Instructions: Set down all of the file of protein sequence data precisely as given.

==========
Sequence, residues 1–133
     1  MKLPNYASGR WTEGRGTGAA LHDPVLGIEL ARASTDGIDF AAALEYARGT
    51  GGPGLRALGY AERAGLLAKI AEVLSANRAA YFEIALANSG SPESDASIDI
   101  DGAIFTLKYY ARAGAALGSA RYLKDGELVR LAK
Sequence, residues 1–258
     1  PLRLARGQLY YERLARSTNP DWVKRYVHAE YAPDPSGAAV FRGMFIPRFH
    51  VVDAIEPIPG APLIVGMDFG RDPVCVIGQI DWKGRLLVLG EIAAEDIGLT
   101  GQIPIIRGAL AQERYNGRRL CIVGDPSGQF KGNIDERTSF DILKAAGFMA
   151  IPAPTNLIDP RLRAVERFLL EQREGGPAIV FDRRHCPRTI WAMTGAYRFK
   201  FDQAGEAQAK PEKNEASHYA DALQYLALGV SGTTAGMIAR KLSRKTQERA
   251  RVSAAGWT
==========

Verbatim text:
Sequence, residues 1–133
     1  MKLPNYASGR WTEGRGTGAA LHDPVLGIEL ARASTDGIDF AAALEYARGT
    51  GGPGLRALGY AERAGLLAKI AEVLSANRAA YFEIALANSG SPESDASIDI
   101  DGAIFTLKYY ARAGAALGSA RYLKDGELVR LAK
Sequence, residues 1–258
     1  PLRLARGQLY YERLARSTNP DWVKRYVHAE YAPDPSGAAV FRGMFIPRFH
    51  VVDAIEPIPG APLIVGMDFG RDPVCVIGQI DWKGRLLVLG EIAAEDIGLT
   101  GQIPIIRGAL AQERYNGRRL CIVGDPSGQF KGNIDERTSF DILKAAGFMA
   151  IPAPTNLIDP RLRAVERFLL EQREGGPAIV FDRRHCPRTI WAMTGAYRFK
   201  FDQAGEAQAK PEKNEASHYA DALQYLALGV SGTTAGMIAR KLSRKTQERA
   251  RVSAAGWT